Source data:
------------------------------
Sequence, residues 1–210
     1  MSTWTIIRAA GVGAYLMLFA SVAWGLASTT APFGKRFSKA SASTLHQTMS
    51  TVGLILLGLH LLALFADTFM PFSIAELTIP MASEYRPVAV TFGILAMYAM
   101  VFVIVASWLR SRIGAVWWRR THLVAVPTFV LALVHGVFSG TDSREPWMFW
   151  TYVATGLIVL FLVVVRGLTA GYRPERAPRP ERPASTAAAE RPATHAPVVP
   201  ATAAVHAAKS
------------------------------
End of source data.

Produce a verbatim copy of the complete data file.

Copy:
Sequence, residues 1–210
     1  MSTWTIIRAA GVGAYLMLFA SVAWGLASTT APFGKRFSKA SASTLHQTMS
    51  TVGLILLGLH LLALFADTFM PFSIAELTIP MASEYRPVAV TFGILAMYAM
   101  VFVIVASWLR SRIGAVWWRR THLVAVPTFV LALVHGVFSG TDSREPWMFW
   151  TYVATGLIVL FLVVVRGLTA GYRPERAPRP ERPASTAAAE RPATHAPVVP
   201  ATAAVHAAKS